Alvin Golub of Brooklyn has a question about cherubs, those little winged figures who, in paintings and illustrations, cavort about the heavens, tooting their horns. Why, he wants to know, does English also have the form “cherubim,” using the Hebrew plural rather than the English one?
On the face of it, this may not seem a very interesting question. English does occasionally (as I once pointed out in these pages) keep foreign plurals when borrowing words from other languages (we speak of data, for example, rather than of “datums,” and of blini rather than of “blins”), so why not cherubim? We even have a contemporary instance of the Hebrew “-im” in English, kibbutz being pluralized as kibbutzim rather than as “kibbutzes.”
But cherubim is a much more interesting word than kibbutzim. In medieval and Renaissance English, it was taken to be a singular form. This is why, when the Hebrew book of Genesis tells us that after Adam and Eve were driven from the Garden of Eden, God put k’ruvim at its entrance to keep humanity from returning there, the 1611 King James Version gives us, “And he [God] placed at the east of the garden of Eden cherubims.”
Ultimately, this goes back to the standard Latin Bible, which translates these words as et collocavit antes paradisum voluptatis Cherubim . Why Jerome, this Bible’s fourth-century translator, did not render the plural of the Hebrew k’ruv as cherubi or cherubes , in the Latin manner, is explained by his decision to capitalize it. He did not, that is, construe k’ruvim as a plural, but rather as the proper name of some kind of supernatural creature placed by God to guard the Gates of Eden — and as a result, cherubim or cherubin entered a large number of European languages with such a meaning.
Thus, we have Italian cherubino , Spanish querubin , French cherubin and so on, all in the sense of a single cherub. The difference between these languages and English was that in the latter, due to the seriousness with which Hebrew scholarship was taken by 17th-century English Protestantism, “cherubim” as a singular came to be recognized as a grammatical mistake and was replaced by “cherub.” This is the usage in the King James, which rather illogically, however, continues to stick with the plural form “cherubims.”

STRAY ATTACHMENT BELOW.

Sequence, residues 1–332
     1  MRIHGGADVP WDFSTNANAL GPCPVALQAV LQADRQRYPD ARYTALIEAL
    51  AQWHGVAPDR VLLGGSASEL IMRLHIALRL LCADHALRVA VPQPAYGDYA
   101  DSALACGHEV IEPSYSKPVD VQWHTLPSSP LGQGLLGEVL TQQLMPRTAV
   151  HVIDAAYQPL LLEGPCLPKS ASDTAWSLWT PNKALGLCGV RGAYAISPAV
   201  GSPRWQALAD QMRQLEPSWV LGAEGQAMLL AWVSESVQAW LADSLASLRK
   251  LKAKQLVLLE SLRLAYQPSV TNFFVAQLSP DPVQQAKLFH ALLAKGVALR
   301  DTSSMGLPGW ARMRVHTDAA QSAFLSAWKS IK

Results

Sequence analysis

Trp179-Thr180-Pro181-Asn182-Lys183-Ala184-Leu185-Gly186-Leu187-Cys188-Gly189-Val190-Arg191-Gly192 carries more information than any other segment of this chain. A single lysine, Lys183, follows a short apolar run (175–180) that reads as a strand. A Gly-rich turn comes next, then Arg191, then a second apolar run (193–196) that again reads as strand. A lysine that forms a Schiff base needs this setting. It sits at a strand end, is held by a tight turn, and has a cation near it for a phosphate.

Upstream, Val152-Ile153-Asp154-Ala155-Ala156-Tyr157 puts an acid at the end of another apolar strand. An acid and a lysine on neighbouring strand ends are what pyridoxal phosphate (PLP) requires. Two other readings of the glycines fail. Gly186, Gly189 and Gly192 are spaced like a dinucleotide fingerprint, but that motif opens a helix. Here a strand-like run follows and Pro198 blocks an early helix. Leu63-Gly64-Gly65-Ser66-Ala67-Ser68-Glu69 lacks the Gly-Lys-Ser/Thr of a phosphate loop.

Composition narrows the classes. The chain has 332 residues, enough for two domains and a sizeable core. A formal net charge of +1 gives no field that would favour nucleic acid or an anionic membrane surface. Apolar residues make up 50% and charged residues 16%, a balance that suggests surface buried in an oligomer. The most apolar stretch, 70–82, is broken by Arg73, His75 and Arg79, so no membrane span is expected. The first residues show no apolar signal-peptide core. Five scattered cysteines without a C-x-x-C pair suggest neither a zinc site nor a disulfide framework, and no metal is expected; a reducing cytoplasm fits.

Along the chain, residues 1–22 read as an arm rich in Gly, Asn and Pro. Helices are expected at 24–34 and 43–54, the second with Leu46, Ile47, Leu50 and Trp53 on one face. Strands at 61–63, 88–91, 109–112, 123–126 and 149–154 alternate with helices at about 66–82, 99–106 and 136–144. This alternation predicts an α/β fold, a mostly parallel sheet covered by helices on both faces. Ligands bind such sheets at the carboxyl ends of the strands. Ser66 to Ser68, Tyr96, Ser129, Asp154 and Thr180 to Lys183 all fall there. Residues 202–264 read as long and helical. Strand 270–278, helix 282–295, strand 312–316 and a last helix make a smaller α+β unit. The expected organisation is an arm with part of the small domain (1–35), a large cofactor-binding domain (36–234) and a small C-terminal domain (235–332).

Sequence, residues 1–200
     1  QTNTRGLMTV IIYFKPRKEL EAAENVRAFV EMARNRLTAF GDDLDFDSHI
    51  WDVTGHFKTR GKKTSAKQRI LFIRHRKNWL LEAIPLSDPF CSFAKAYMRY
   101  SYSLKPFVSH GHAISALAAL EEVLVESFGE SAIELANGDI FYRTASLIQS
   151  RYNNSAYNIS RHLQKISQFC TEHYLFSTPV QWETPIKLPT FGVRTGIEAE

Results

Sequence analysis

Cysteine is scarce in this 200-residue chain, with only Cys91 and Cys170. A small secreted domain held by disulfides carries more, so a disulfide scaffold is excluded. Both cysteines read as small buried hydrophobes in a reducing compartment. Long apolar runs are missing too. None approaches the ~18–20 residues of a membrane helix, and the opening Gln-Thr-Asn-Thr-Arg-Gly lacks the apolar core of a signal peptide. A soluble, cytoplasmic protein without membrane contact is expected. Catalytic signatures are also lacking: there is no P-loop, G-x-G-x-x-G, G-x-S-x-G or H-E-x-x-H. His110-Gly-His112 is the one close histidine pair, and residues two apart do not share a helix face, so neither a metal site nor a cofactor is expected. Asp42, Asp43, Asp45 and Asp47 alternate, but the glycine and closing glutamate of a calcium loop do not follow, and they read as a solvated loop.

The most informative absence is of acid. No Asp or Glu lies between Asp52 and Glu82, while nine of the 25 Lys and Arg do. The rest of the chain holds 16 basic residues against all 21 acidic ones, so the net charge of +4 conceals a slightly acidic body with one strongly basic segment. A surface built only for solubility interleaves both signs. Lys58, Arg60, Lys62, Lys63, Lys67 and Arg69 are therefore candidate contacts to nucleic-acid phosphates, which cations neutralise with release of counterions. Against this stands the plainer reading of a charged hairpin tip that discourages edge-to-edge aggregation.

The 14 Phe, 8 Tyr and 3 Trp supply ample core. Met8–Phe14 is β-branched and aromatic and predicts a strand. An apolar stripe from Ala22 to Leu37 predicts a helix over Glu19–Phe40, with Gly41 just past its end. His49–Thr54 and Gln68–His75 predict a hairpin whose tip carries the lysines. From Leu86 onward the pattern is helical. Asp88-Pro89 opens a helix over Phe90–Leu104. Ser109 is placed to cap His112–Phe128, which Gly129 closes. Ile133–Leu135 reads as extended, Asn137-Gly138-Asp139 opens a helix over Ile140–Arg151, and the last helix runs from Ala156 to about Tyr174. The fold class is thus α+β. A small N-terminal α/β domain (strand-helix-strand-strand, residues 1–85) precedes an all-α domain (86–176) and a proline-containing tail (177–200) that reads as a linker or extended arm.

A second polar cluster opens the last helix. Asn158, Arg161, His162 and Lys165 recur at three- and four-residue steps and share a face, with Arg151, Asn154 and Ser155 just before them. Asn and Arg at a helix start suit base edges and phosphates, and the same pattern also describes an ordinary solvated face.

What led Jerome, an accomplished Hebraist in his own right, to make such a mistake? He would seem to have been influenced by a vision of many cherubim in Chapter 10 of the book of Ezekiel, in which each cherub seen by the prophet is depicted as a composite creature, so that “every one had four faces: the first face was the face of a cherub, and the second face was the face of a man, and the third the face of a lion, and the fourth the face of an eagle.” Since Jerome translates the first part of this as Quattuor autem facies habebat unum: facies una, facies cherub , he apparently understood the singular Hebrew noun k’ruv to be the “cherub-face” of a four-faced creature called k’ruvim in both the singular and the plural, just as our English word “fish” can mean either one fish or many.
Ezekiel’s cherubs, which had wheels and whose “whole body, and their backs, and their hands, and their wings, and the wheels, were full of eyes round about,” are a bit difficult to picture and do not necessarily reflect the idea of a cherub as it existed in biblical culture. Elsewhere in the Bible, cherubs are flying creatures of which golden images stand on either side of the Ark of the Covenant in the Tabernacle and the Temple, shielding it with their wings. The Hebrew word for them comes from Accadian kuribu , a protective angel in ancient Babylonian mythology with wings, a human face, and the body of an ox or lion. Most likely, the biblical Israelites thought of cherubs in the same way.
Why, then, are the cherubs of European art portrayed as cute little baby angels rather than as fierce, semi-animal protectors? This derives from the Babylonian Talmud, which is written in a mixture of Aramaic and Hebrew. In the tractate of Sukkah, Rabbi Huna, who, like the other rabbis of his period, was no longer familiar with the cherub of ancient Semitic mythology, asks, “What is a k’ruv ?” The answer is provided by Rabbi Abahu in the form of a play of words on the Aramaic plural of k’ruv , k’ruvaya . A cherub, he tells Rabbi Huna, is “like a ravya ” ( k’ravya ) — that is, like a baby in the colloquial Aramaic of Babylonia.
One suspects that Rabbi Huna was merely joking. He certainly had no inkling that, starting with the Renaissance, generations of Christian artists, appraised of his interpretation by the Judaic studies of Italian humanists, would paint cherubs as chubby children because of him. We owe the adorable putti of Raphael and Titian to a talmudic pun. If that isn’t heavenly, what is?
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